Plastics Are Strangling the Planet

You have probably heard about islands of plastic (and other garbage) inhabiting our oceans. The impact of this is the dying off of entire segments of oceans. In addition, many countries in the global North, including but not limited to the USA, look at the...

AFRICAN AMERICANS IN THE NEWS

Prosecutors seek prison terms for Virginia rally attackers

Hatred for Jews, blacks and feminists motivated three members of a white supremacist group to attack counterprotesters at a rally for far-right extremists in Virginia, federal prosecutors argue in seeking stricter sentences for the men this week.Justice Department prosecutors recommend prison...

Trump vs. Dems: 'Racist,' socialist' lines drawn for 2020

WASHINGTON (AP) — With tweets and a vote, President Donald Trump and House Democrats established the sharp and emotionally raw contours of the 2020 election campaigns.In the process, they have created a fraught political frame: "racists" vs. "socialists."Trump's aggressive condemnation of...

Eric Garner's mother speaks out on anniversary of his death

NEW YORK (AP) — Eric Garner's mother urged the New York City police commissioner to fire the officer accused of using a chokehold in the death of her son, as she marked the five-year anniversary of her loss Wednesday.Gwen Carr spoke the day after the U.S. Department of Justice announced that...

ENTERTAINMENT

Judge orders R. Kelly held in jail without bond in sex case

CHICAGO (AP) — A federal judge on Tuesday ordered R. Kelly held in jail without bond after a prosecutor warned that the singer accused of having sex with minors and trying to cover up the crimes would pose an extreme danger to young girls if set free."If he was attracted to middle school...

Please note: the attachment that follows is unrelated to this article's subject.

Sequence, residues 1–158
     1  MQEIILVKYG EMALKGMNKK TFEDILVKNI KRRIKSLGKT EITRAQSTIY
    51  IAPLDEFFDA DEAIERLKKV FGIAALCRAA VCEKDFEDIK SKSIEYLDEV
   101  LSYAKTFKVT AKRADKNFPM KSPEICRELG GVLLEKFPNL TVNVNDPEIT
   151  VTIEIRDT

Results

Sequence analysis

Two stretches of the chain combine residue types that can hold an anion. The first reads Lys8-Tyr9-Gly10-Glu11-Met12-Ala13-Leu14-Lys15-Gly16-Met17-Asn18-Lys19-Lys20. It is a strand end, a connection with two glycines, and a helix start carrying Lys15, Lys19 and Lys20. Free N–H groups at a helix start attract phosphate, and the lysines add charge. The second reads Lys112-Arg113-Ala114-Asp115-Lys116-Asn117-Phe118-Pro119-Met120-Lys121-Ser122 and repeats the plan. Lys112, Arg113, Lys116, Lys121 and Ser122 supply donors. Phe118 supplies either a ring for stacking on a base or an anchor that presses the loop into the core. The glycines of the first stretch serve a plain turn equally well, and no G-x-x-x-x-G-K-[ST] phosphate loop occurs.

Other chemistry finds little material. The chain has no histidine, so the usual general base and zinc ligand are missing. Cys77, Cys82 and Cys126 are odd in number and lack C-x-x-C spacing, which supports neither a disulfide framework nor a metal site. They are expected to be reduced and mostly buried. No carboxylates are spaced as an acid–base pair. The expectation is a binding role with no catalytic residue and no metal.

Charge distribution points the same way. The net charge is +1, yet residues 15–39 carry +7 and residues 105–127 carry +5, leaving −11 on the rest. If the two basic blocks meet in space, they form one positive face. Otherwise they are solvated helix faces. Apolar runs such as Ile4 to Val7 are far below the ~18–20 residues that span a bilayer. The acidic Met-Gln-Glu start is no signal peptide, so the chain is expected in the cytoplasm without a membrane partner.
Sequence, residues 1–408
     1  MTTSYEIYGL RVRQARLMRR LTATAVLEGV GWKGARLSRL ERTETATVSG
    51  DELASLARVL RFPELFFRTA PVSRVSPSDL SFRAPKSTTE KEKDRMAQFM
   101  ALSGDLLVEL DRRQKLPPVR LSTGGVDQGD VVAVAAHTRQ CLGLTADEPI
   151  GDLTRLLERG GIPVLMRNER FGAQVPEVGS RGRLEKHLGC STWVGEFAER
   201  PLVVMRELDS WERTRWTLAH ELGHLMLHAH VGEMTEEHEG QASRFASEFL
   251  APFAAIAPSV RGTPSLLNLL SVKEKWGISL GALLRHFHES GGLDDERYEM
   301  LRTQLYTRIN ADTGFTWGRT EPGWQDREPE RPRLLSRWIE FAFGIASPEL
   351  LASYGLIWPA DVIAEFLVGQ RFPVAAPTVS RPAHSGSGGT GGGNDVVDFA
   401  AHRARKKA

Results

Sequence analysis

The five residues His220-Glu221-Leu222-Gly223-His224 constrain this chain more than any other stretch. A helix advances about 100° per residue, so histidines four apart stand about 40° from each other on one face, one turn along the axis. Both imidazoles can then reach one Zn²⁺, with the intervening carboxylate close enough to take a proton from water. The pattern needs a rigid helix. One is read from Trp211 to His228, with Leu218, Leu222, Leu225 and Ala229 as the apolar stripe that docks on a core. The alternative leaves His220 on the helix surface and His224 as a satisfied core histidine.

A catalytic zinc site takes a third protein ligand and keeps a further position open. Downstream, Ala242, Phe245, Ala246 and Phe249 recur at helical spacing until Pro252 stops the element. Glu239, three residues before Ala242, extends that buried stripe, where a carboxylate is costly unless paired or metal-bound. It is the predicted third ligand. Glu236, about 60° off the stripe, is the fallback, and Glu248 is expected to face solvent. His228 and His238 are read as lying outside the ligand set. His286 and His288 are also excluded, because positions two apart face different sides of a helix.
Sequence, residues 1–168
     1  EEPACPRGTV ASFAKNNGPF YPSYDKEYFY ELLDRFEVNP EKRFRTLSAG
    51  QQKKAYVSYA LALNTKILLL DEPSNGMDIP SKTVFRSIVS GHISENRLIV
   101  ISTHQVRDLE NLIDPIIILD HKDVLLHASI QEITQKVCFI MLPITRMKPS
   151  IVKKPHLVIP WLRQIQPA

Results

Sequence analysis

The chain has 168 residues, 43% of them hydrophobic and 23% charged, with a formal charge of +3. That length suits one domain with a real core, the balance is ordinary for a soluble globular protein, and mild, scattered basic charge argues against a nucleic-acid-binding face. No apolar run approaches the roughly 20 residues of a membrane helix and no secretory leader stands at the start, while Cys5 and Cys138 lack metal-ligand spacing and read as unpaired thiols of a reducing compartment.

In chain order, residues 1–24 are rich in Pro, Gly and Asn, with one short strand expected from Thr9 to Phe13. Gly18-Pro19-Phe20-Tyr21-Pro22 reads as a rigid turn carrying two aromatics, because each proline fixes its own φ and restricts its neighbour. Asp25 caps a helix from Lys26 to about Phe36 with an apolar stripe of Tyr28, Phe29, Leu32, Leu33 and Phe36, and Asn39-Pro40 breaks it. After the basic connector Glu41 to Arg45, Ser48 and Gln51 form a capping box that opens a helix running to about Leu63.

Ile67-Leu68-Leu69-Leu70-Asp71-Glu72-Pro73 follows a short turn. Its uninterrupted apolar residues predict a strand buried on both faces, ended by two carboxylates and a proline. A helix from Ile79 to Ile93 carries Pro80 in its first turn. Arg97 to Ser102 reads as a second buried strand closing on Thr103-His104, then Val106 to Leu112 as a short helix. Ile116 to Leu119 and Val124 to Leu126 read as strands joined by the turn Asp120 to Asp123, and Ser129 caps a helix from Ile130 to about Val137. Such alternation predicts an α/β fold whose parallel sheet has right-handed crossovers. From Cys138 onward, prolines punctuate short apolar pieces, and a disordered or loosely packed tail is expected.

25 years later, 'The Lion King' roars again (with Beyoncé)

LOS ANGELES (AP) — It was just a few months ago that director Jon Favreau was sitting in a scoring session with composer Hans Zimmer for "The Lion King," his ambitious and technology-driven reimagining of the 1994 animated classic, and he and everyone else in the room were getting a little...

'The Chain' is a mid-life hit for novelist Adrian McKinty

NEW YORK (AP) — With his novel "The Chain" headed for publishing best-seller lists and summer packing lists, Adrian McKinty can now laugh as he remembers an old and "failed" novel."I was in Mexico City, trying to write about Trotsky, the assassination of Trotsky, and it wasn't going well,"...

U.S. & WORLD NEWS

John Paul Stevens emerged as Supreme Court's leading liberal

WASHINGTON (AP) — John Paul Stevens moved left as the Supreme Court shifted to the right during his nearly...

Federal data shows opioid shipments ballooned as crisis grew

CLEVELAND (AP) — Newly released federal data shows how drugmakers and distributors increased shipments of...

Top diplomat: Iran must build missiles for defense

TEHRAN, Iran (AP) — Iran's foreign minister said Wednesday that his country has no choice but to...

Italy, FBI crack down on Mafia clan with Gambino ties

ROME (AP) — Italian police and FBI agents have cracked down on a Palermo-area Mafia clan with ties to the...

Gunmen in restaurant in northern Iraq kill Turkish diplomat

IRBIL, Iraq (AP) — Unknown gunmen opened fire inside a Turkish-owned restaurant in the northern Iraqi city...

Relatives of victims mark 5th anniversary of MH17 downing

VIJFHUIZEN, Netherlands (AP) — With songs, speeches and solemn silence, relatives and friends on Wednesday...

McMenamins
Alan Zibel and Ben Feller the Associated Press

WASHINGTON — President Barack Obama has rejected a bill that the White House fears could worsen the mounting problems caused by flawed or misleading documents used by banks in home foreclosures.